In the world of his own – Jibanananda Das

The pre-eminent and best loved Bengali poet after Tagore was an elusive, deeply private writer, reluctant to make himself better known, reluctant, in some crucial instances, to publish his own work… Jibanananda Das.

‘Jibanananda’ is a Tagorean name; its meaning, ‘the joy of life’, recalls, for me, the lines from a famous song in the Gitanjali, in which Tagore’s defiant Nietzschean mood is contained, as it almost always is, by decorum and serenity: ‘Jagate ananda jagne/ Amaar nimantrana’ — ‘I have been invited/ to the world’s festival of joy.’ Of course, Tagore had to earn those lines’ triumphal affirmation, and also their irony; by the time he wrote them, his wife was dead, as were two children, a son and his favourite daughter, Rani.

Das found himself invited to the ‘festival of joy’ in 1899; from the evidence of his poems and fiction, it doesn’t appear that he thought life — ‘jiban’ — an unqualified benediction. There is, not infrequently, a note of bewilderment in the way Das’s poems speak of earthly existence, the bewilderment of a person who wakes to find himself in a place of transit from which he must soon move on. The nameless speaker in the poem ‘Banalata Sen’ begins wearily:

For thousands of years I roamed the paths of this earth,
From waters round Ceylon in dead of night to Malayan seas.
Much have I wandered. I was there in the gray world of Asoka
And Bimbisara, pressed on through darkness to the city of Vidharbha.
I am a weary heart surrounded by life’s frothy ocean.
To me she gave me a moment’s peace — Banalata Sen from Natore.

The translation is Clinton B Seely’s, of the Department of South Asian Languages at Chicago, from his superb literary biography of Das, A Poet Apart. From the beginning, Das, an elusive, deeply private writer, reluctant to make himself better known, reluctant, in some crucial instances, to publish his own work, has had his champions, who attempted to bring his work to the attention of the Bengali, and now the Anglophone, reader. The most important of these was the poet and critic, Buddhadeva Bose, Das’s contemporary, probably the most influential Bengali writer of that bristly, fascinating post-Tagorean generation, whose generosity in supporting a fellow poet was, and still is, as unusual in the republic of Indian letters as was his critical shrewdness and acumen. The poems are now part of the Bengali consciousness, on both sides of the border dividing India from what was Pakistan and is now Bangladesh; it’s safe to claim that Das is the pre-eminent and best loved Bengali poet after Tagore. Those who know his work first-hand are convinced that he is among the twentieth century’s great writers, and so the process of recuperation continues, now in English. Like some of those writers — one thinks of Pessoa and Kafka — Das felt, for some reason, compelled either to suppress some of his most important writings, or to locate them in a secret life. Seely’s excellent work, as translator and biographer, represents a sustained effort that’s been ongoing for a few decades now, a project, however, dogged by the sort of inexplicable delays and impediments (his translations have still to find a publisher), the sort of nebulous cloud, that occasionally seemed to keep Das’s contemporaries (despite the enthusiasm of Bose and some younger writers, and Tagore’s qualified but genuine admiration) from seeing the true value of his work.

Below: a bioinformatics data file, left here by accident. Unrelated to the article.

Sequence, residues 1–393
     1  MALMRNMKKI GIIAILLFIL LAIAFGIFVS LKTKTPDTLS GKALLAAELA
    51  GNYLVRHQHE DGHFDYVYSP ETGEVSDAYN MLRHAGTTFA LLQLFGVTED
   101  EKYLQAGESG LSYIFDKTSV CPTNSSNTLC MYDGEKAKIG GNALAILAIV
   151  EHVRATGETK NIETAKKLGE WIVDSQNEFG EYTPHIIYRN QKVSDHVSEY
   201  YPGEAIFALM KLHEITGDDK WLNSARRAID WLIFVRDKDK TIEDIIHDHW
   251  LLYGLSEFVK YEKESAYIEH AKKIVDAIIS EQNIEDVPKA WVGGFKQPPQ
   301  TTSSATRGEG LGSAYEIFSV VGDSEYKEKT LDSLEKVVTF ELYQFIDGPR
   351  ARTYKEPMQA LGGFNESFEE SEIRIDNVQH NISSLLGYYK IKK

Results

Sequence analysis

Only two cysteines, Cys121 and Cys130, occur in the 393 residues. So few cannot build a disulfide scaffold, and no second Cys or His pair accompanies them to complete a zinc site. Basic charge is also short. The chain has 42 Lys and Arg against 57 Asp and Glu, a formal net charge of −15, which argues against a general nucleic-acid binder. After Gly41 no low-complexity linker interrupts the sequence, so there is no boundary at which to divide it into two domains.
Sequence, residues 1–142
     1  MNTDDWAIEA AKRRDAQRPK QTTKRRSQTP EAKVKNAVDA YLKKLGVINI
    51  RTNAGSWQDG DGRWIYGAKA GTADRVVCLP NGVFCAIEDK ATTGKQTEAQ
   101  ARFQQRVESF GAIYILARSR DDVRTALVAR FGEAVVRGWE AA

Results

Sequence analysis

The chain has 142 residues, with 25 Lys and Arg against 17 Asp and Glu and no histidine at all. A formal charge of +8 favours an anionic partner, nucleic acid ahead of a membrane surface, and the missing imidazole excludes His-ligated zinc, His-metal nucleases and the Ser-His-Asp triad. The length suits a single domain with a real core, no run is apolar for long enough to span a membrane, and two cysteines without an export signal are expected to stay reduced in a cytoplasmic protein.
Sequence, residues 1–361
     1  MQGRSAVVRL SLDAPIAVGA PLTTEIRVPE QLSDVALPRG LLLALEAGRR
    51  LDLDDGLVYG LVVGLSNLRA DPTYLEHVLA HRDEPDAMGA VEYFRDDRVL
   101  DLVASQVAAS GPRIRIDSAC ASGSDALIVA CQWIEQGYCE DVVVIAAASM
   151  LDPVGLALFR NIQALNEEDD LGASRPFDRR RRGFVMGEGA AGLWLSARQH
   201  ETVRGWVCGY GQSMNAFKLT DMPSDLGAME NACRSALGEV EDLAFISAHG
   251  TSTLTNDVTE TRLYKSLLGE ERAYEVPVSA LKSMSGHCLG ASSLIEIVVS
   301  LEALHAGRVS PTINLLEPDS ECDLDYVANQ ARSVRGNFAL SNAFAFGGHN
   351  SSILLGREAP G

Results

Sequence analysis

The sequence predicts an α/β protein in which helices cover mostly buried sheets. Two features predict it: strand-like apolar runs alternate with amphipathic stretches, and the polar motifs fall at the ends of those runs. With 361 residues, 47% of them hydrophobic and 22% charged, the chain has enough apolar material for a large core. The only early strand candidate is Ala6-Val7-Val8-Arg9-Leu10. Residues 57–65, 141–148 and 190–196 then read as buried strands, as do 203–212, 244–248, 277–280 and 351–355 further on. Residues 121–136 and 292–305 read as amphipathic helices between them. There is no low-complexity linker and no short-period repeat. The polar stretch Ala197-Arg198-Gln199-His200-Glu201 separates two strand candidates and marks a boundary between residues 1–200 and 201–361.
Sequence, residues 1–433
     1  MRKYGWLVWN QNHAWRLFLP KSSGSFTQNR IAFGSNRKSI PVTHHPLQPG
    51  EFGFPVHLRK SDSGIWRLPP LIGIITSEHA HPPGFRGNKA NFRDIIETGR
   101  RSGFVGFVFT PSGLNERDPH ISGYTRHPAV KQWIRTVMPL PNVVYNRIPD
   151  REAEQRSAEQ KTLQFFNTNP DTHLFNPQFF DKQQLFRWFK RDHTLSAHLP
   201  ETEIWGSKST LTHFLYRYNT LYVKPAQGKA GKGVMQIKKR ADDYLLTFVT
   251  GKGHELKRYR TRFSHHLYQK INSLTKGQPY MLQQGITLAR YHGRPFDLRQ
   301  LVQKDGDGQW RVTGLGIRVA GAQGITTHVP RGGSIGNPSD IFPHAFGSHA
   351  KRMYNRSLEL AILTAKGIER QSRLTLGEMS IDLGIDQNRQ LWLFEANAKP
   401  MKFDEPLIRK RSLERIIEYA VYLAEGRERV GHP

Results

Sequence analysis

Now the English poet Joe Winter’s translations, collected in two slim but not insubstantial volumes, Naked Lonely Hand, a selection of some of the most well-known poems, and Bengal the Beautiful, which contains the sonnets that were published posthumously and made him a household name in Bengal, give the process of dissemination, and the cause of Das, a fresh impetus — a small but significant contribution which will not be, hopefully, scuppered by Saturn.

(Source: Outlook)

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